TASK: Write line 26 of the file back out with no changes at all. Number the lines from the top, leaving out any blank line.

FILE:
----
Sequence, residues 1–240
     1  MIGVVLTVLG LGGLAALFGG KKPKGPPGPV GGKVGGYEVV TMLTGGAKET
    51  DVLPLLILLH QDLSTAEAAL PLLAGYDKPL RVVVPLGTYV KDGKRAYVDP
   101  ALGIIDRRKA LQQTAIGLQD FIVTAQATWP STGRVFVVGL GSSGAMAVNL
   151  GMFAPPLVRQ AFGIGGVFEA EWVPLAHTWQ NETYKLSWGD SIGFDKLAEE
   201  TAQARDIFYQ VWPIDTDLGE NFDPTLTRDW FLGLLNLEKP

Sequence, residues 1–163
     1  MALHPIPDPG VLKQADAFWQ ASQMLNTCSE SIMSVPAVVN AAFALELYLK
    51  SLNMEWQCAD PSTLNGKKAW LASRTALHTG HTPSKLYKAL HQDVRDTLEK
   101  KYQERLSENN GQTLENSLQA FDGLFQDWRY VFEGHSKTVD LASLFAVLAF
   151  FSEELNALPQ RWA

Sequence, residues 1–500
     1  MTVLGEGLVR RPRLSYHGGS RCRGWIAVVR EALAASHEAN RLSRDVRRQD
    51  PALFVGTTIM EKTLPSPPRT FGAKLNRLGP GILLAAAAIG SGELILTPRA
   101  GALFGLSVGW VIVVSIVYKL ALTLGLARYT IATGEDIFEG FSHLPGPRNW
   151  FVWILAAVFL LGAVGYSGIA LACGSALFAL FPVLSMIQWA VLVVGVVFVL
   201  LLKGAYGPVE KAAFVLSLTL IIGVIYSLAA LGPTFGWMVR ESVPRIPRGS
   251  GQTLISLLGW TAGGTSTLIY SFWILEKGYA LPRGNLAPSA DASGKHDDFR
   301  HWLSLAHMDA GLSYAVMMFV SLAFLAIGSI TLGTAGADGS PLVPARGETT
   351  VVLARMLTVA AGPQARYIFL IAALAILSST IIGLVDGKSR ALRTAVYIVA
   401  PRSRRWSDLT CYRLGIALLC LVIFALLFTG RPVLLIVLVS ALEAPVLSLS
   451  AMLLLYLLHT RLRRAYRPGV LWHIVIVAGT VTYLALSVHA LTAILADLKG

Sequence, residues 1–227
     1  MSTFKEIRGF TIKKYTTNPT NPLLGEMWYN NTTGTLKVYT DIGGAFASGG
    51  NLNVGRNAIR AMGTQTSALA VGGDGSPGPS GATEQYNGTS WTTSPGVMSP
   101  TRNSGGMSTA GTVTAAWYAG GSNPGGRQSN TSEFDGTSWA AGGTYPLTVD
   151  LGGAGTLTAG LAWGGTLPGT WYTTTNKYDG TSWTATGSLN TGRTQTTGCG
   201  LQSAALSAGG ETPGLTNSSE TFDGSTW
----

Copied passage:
   101  TRNSGGMSTA GTVTAAWYAG GSNPGGRQSN TSEFDGTSWA AGGTYPLTVD